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Lot 5053. A rare silver-inlaid wumu dreamstone inkrest signed Ruan Yuan, Qing dynasty, 18th–19th century; 8.1 cm, 3 1/8  inEstimate 30,000 - 50,000 HKDSold for 37,500 HKD (4,437 EUR). Courtesy Sotheby's.

the rectangular wumu inkrest skilfully carved with rounded corners and resting on a splayed base atop four short bracket feet, the top of the inkrest decorated in silver inlay with scrollwork flanking an inset rectangular green and white dreamstone panel, the upper right corner of the dreamstone inscribed with a four-character inscription reading Songshan diecui ('Pine mountains in layers of jade-greenery'), signed Boyuan and followed by a seal mark reading Yuan.  

Note: Ruan Yuan (1764-1849), zi Boyuan, who upon succeeding in the civil examination in the 54th year of the Qianlong reign (1789), was promoted to various prominent positions as a high official-literatus by the Qianlong Emperor in recognition of his education and talents, and continued to serve the court until the Daoguang period.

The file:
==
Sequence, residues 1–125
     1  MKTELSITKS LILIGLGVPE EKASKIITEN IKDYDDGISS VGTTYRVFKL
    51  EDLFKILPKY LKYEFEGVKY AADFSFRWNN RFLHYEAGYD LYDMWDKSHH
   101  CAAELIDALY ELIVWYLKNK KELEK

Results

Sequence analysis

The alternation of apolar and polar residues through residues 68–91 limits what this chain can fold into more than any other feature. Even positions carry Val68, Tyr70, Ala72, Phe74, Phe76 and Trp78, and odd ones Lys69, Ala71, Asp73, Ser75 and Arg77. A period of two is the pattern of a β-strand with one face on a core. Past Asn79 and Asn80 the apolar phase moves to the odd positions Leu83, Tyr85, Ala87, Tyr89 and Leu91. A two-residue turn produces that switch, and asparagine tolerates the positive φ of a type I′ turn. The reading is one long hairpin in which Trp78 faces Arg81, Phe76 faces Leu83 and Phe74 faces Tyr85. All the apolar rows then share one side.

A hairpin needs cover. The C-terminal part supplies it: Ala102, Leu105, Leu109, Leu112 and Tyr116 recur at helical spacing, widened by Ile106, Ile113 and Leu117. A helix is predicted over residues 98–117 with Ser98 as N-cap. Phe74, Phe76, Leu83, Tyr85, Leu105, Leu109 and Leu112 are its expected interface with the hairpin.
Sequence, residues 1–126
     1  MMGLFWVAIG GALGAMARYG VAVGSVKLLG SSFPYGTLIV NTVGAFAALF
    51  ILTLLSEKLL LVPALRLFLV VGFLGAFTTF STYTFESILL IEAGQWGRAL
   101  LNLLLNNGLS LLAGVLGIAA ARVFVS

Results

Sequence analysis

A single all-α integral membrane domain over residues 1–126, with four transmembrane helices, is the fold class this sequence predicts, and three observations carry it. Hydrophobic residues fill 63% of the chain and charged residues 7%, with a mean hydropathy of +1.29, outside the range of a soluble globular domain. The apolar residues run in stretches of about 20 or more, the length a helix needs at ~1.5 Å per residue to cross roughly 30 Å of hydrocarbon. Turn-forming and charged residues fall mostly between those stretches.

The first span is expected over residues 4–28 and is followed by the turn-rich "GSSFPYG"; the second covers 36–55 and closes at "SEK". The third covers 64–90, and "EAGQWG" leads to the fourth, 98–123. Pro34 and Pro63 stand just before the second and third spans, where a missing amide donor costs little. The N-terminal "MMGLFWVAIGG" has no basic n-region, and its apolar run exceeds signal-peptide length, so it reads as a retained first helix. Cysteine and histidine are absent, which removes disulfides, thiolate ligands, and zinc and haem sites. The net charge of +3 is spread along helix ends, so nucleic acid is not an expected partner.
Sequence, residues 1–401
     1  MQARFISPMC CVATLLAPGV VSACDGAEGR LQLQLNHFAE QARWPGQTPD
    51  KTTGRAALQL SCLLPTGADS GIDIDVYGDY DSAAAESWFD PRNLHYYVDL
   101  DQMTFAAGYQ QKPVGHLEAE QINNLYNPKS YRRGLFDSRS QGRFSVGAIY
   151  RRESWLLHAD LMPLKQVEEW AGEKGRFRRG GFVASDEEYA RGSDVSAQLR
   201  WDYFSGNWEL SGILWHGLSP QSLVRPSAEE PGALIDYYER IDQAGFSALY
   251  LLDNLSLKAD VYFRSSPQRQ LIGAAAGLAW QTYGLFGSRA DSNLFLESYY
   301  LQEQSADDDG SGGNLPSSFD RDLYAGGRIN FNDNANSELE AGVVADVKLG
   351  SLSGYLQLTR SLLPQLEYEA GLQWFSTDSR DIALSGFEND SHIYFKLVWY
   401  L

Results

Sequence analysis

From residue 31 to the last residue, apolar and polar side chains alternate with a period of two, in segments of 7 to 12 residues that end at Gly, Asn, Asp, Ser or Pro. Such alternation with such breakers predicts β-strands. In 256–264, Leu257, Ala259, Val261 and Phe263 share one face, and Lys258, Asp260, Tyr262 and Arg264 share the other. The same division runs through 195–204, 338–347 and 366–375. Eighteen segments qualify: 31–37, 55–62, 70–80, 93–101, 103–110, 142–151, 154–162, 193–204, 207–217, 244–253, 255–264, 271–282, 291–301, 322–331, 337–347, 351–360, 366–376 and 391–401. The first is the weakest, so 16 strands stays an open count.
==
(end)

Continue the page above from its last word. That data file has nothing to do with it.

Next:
Ruan began collection painting stones (shihua) when he was governor-general of Yunnan-Guizhou (1826-1835) and acquired a marble quarry in Dali. When these stones were cut, polished, and inscribed, they were sent back to the Ruan family home in Yangzhou and an inventory comprising an annotate list of inscribed titles, physical descriptions and literary associations were kept by Ruan and his sons. The inventory was later published as Shihua ji [Record of Painting Stones] in five fascicles in Guangdong in the Xuehaitang congke [Sea of Learning Academy Collectanea] in 1877.

Although there is no exact record of a Songshan diecui painting stone in the inventory, the current dreamstone panel does bear striking similarities to one titled Wansong diecui (‘Myriad pines in layers of jade-greenery'), of which the description (vol. 2, p. 8) can be translated as follows:

The lower half is brook-green colour, and the mountains, covered all over in deep green colour and dotted to look like distant pines, appear as three rising and falling peaks.

Renowned for his discerning taste, Ruan was arguably one of the most celebrated collectors of literati works of art in the Qing dynasty, whose calligraphy was highly appreciated by the Qianlong Emperor; see a jade-inlaid couplet by Ruan Yuan installed at Yucuixuan (‘Bower of Purest Jade’) in Ningshougong (Palace of Tranquil Longevity), illustrated in A Lofty Retreat from the Red Dust: The Secret Garden of Emperor Qianlong, Hong Kong Museum of Art, Hong Kong, 2012, cat. no. 3.

Sotheby's. EYE/EAST, Hong Kong, 22 May 2020